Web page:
Oxford Dictionaries’ word of the year is post-truth, which is defined as “relating to or denoting circumstances in which objective facts are less influential in shaping public opinion than appeals to emotion and personal belief.” Outlining the dangers of post-truth and fake news shared on Facebook, MTV writer Brian Phillips warns, "An America where we are all entitled to our own facts is a country where the only difference between cruelty and justice is branding."
Moral and political philosopher John Rawls reminds us that, in order for public reason to exist, we all must agree on some kind of reality, and public reason is primarily made in institutions, like schools. That is, we as a society must agree on common processes (for example, fair voting and election procedures) and substantive criteria (like moral and values-based considerations) from which to work toward a common good that everyone views as legitimate. In the aftermath of a successful post-truth campaign for the presidency, then, where does that leave schools, educators and the development of public reason?
As a teacher educator, I noticed post-truth systems of thought in my classroom of budding and seasoned teachers, but they felt peripheral. However, Trump’s victory stirred these teachers, unearthing prejudiced beliefs I’d heard throughout the campaign and codifying them as truths. The election results are changing how I see my role as an educator in ways I do not yet completely understand. I have always sought to create a transpartisan classroom that is oriented toward justice—that is, a space that welcomes various political positions in the interests of working collaboratively toward the greater good. And I felt confident that, if my students understood the facts and perspectives of marginalized people, they would reflect on their complicities in that marginalization (when applicable) and orient their practices toward justice. Yet, in the weeks following the election, I am not so sure.
As my students spoke about voting for Trump or not voting at all, I felt shaken, no longer sure of how to navigate the classroom space or our broader community with them. My efforts to cultivate a transpartisan space felt painful. Hearing their gut feelings and media-crafted myths as rebuttals to the argument that we should be inclusive of Muslim and queer students was shocking, their expressions of apathy troubling.
In her recent address to the 2016 meeting of the National Association of Multicultural Educators, educational scholar Linda Darling-Hammond reinforced the need to create transpartisan spaces in our classrooms. She noted that the “Trump Effect” may provide an opportunity to explicitly address the colorblind racism and domesticated homophobia, xenophobia and Islamophobia that has been lurking beneath the surface of our society for some time.
Yet, what does a transpartisan classroom look like in a post-truth society? How do you combat prejudice when, for many people, facts and counter-narratives don’t hold weight? Of course, we all hold prejudices that we have to address. But when beliefs consistently trump facts, what are the implications for schools and educators who are seeking to foster a just, compassionate and informed citizenry?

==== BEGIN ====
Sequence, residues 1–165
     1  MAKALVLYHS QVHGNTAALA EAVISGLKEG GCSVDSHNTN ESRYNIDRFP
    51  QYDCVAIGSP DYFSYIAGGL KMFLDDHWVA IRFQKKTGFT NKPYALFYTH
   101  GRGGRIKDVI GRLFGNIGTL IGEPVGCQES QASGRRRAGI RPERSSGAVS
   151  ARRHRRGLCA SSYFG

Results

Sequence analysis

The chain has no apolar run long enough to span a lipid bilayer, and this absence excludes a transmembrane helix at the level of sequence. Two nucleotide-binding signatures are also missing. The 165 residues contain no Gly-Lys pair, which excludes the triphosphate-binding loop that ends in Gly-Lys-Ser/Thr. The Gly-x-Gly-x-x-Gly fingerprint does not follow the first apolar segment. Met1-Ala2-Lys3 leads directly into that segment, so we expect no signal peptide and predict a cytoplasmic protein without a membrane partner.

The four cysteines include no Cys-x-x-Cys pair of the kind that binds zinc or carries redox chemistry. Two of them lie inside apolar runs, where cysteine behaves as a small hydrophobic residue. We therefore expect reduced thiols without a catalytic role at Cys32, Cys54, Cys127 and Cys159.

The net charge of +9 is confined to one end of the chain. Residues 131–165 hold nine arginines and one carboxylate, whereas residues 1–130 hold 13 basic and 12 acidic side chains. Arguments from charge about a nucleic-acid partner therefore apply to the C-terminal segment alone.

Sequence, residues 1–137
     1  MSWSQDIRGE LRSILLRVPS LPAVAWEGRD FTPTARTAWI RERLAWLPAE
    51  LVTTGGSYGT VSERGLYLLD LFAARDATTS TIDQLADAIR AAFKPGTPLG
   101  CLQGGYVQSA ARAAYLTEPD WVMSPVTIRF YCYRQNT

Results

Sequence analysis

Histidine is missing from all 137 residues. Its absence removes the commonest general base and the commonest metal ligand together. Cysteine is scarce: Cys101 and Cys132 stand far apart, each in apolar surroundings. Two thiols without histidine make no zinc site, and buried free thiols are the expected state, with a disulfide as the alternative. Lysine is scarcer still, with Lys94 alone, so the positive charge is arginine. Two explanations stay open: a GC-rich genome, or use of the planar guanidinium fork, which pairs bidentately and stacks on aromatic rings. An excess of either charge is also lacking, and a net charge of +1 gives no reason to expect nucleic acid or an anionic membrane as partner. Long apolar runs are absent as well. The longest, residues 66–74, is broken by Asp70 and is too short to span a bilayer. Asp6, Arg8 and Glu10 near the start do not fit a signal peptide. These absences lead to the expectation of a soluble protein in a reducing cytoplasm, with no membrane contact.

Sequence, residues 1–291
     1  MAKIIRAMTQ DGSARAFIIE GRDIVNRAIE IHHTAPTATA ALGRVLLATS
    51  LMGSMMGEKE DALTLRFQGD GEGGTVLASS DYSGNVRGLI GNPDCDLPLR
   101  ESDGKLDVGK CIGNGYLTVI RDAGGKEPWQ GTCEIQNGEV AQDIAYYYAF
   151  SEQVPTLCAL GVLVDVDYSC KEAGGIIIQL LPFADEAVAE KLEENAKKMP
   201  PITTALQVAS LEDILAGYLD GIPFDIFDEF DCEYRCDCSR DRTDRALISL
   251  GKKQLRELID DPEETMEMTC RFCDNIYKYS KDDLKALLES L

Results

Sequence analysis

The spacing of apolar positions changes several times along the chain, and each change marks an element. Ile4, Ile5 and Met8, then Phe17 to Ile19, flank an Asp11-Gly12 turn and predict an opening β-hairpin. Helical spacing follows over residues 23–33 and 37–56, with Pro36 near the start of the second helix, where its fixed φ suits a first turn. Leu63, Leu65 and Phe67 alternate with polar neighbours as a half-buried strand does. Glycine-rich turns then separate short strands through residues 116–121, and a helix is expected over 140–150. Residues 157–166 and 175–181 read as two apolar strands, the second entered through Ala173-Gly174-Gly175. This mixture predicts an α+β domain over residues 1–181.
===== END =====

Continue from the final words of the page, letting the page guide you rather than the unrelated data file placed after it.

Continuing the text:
In my search for answers, I found hope in realizing that post-truth epistemologies can never negate truth and that transpartisan teaching does not mean all opinions should hold equal weight in the classroom. In a pluralist, democratic society, students must learn to engage in dialogue and dissent. It is my role to not just facilitate the sharing and critiquing of opinions and ideas, but to draw harder lines regarding what informed, supported opinions are and to remind students of the co-constructed common reality from which we are all operating.
In fear of seeming too biased or alienating the ideologies some students bring to the classroom, I’ve danced around this responsibility of drawing harder lines. Perhaps misinterpreting justice scholars like Kevin Kumashiro or Paulo Freire, who respectively advocate for the partiality of knowledge and the need for dialogic relations in matters of unraveling oppression, I found it difficult to say to students, “These are the realities of racism, sexism, classism, homophobia, xenophobia and Islamophobia, and this is what must be done to find a path forward together.”
As Freire cautions, “Leaders who do not act dialogically, but insist on imposing their decisions, do not organize the people—they manipulate them. They do not liberate, nor are they liberated: they oppress.” Heeding this warning, I refrained from drawing harder lines as an acknowledgement of the limits to my own understanding and out of fear of my justice orientation becoming a form of oppression for other ways of knowing and being. Yet, sobered by the hate that has erupted since the election, I realized my reticence to take a robust stance against prejudice was stifling the development of public reason by denying the common reality it demands. Students’ beliefs and the actions that manifest from them must be honored to the extent that they do not lead to the oppression of others.
I feel my pedagogy awakening. Prior to the election, I failed to help my students identify and animate what they can mutually consider reasonable. I now enter my classroom intent on cultivating a truth-based reality with my students through critical media literacy and historical analyses. Doing so will better prepare them to participate in a democracy that is both procedurally and substantively reasonable—and to do the same for their students.
Beck is a doctoral fellow in the University of Florida School of Teaching and Learning and a former first-grade teacher.
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